But as a Pilgrim resolute, I took
Even with the chance equipment of that hour,
The road that pointed toward the chosen Vale.
(William Wordsworth, The Prelude, Book First)
What does it mean to be a Pilgrim?
John Bunyan knew.
In 1677, Bunyan, a tinker, author, and preacher affiliated with one of the many “Non-Conformist” Christian groups then on the wrong side of the English law, was thrown into prison for a second time. His first sojourn behind bars had dragged on for twelve years (1660–1672). This subsequent incarceration was to last a mere six months – brief by comparison, but long enough for the prisoner to put the final touches on a bit of writing he’d begun while out on parole.
It was Aleksandr Solzhenitsyn who said, “Bless you, prison, for having been in my life!” John Bunyan could have seconded the motion. Outside the prison walls, he may never have found time to complete his little book. Apart from the gross injustices that landed him in jail in the first place, he may never have stumbled upon the Pilgrim Path at all. Indeed, had Bunyan been spared persecution at the hands of the governing authorities and the religious establishment of his day, the rest of us might easily have been deprived of one of the greatest spiritual classics of all time: The Pilgrim’s Progress.
The Pilgrim’s Progress begins with a dramatic scene: Christian, a burden on his back, his nose in a book, his eye on the Wicket Gate, fleeing from the City of Destruction. “Life! Life!” he cries as family, friends, and neighbors hurl abuses after him: “Brain-sick fool! Fantastical fellow! Crazy-headed coxcomb!” But Christian presses on – across the plain, through the Slough of Despond, and straight on to the entrance of the Narrow Way.
No reader can easily forget the picture Bunyan paints in this scene. It’s a picture of a desperate man on a desperate journey: a man with his face set like flint towards one thing and his back turned resolutely to another; a man caught between two poles, two opposites, two alternatives; two choices, two visions, two roads.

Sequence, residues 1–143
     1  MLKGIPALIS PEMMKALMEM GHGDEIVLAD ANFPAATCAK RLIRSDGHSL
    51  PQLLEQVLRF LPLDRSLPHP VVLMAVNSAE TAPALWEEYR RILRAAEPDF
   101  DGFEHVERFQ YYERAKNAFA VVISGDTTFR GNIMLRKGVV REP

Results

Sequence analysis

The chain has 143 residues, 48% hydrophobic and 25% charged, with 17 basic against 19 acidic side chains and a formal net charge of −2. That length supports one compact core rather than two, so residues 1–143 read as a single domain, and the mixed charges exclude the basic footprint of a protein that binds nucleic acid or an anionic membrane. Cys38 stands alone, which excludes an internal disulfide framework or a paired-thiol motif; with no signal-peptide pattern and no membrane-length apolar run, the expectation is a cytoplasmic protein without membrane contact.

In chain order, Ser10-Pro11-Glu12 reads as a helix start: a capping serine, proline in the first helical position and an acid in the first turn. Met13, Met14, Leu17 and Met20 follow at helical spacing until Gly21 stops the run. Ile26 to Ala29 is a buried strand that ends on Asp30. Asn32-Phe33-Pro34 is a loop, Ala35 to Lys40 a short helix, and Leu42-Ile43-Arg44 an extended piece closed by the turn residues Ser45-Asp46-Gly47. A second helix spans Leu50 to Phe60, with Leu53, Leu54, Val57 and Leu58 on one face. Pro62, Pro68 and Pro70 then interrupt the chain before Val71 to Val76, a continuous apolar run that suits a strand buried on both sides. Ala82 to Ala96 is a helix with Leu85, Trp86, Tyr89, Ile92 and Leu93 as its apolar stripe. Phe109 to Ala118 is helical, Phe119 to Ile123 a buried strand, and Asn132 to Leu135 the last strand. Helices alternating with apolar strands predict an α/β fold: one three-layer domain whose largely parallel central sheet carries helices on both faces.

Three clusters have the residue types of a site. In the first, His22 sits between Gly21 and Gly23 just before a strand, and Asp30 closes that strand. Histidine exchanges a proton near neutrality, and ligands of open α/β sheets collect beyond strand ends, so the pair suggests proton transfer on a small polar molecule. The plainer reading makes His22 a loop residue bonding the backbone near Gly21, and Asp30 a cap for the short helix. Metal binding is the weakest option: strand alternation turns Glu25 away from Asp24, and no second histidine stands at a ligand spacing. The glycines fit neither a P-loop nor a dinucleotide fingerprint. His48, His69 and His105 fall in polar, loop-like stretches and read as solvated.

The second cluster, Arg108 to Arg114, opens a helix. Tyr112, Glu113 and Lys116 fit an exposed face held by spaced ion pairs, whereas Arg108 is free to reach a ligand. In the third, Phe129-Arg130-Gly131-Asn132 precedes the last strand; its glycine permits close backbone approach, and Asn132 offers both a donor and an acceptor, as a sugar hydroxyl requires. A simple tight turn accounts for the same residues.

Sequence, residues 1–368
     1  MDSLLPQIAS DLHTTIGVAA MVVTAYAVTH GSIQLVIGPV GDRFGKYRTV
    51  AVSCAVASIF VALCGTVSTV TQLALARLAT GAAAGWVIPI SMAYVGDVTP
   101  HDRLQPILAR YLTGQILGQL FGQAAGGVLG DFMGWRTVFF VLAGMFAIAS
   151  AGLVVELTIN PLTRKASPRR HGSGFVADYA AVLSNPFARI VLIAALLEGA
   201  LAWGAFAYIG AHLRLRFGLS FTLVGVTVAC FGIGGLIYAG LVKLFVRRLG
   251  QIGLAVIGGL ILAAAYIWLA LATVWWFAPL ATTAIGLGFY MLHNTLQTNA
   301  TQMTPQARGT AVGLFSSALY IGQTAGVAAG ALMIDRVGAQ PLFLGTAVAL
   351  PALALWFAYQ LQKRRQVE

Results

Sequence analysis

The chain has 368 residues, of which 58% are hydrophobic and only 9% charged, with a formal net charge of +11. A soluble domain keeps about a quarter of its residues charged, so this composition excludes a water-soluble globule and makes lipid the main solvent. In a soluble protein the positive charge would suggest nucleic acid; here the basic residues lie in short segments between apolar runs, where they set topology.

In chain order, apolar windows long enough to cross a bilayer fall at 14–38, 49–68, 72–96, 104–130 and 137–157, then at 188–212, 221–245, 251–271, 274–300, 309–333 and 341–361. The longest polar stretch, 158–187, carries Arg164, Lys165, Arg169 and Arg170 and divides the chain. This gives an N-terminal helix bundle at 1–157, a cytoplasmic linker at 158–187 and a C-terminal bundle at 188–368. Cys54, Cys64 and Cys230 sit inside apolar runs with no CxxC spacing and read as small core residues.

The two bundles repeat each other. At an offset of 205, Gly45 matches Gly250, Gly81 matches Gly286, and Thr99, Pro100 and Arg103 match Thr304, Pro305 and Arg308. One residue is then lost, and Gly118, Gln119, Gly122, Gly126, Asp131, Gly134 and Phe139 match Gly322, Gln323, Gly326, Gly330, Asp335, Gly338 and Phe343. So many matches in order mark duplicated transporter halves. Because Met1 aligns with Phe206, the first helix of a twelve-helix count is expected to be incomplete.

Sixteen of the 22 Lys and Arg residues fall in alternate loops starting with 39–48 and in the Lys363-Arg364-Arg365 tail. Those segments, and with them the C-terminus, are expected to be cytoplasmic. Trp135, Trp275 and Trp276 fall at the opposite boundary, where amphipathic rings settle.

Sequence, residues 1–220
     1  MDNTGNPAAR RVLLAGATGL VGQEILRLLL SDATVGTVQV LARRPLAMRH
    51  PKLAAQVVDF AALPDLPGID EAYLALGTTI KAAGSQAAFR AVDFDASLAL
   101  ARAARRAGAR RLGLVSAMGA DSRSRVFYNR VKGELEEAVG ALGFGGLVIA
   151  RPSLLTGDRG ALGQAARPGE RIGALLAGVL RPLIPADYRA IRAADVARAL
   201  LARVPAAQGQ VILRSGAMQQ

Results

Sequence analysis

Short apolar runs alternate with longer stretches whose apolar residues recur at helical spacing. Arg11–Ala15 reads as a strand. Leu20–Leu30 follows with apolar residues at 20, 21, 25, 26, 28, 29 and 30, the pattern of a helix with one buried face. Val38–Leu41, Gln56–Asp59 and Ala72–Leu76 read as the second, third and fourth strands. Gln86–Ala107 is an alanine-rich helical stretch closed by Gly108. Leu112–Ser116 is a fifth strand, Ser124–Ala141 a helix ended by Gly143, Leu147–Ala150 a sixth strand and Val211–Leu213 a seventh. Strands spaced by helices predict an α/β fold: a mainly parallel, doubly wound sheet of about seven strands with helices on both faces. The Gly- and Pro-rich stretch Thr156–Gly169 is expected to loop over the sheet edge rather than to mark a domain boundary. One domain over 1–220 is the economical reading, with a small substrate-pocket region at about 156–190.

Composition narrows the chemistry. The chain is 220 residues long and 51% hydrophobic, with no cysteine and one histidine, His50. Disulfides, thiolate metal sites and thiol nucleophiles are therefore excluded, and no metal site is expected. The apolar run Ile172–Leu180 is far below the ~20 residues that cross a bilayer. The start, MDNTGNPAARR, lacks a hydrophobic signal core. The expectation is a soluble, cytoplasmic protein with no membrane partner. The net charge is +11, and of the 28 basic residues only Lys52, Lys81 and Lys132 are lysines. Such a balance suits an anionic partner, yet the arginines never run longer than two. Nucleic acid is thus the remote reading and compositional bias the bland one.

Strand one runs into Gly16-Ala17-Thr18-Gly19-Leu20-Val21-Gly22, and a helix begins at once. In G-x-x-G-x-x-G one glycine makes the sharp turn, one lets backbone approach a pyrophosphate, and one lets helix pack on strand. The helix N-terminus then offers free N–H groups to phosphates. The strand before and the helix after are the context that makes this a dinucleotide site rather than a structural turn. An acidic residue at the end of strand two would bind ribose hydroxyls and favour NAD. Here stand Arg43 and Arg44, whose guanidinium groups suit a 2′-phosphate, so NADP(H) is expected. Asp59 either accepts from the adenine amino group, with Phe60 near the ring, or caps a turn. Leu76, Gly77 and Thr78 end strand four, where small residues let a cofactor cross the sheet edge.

Our English word pilgrim is derived from the Latin peregrinus: “stranger, wanderer, sojourner.” A pilgrim in this sense is not a person with a big white collar, a floppy, broad-brimmed hat, or a pair of gold-buckled shoes. Nor is he a patriotic mascot or a nationalistic symbol. This pilgrim is an alien. He’s a foreigner, a migrant, a transient. He possesses neither an earthly country nor any of the rights, privileges, protections, and perquisites appertaining thereto. Like the peregrine falcon, he ranges far and wide over the face of creation with no place to lay his head. He has no home in this world, because this world is not his home. He doesn’t fit because he doesn’t belong.
The early Irish saints – Fursey, for instance, apostle to East Anglia, or Aidan, abbot of Lindisfarne, or Columba, the one-time aristocrat who left his home in Donegal to found the monastery of Iona – used a Latin phrase to describe this way of life: peregrinare pro Christo. They saw themselves as men on a “journey” or a “peregrination” through this world. They acted out of a deep conviction: “No man can serve two masters.” They understood that this type of pilgrimage is like a marriage: it always involves leaving and cleaving. It’s about shaking off one thing in order to lay hold of another.
That’s what it means to be a Pilgrim.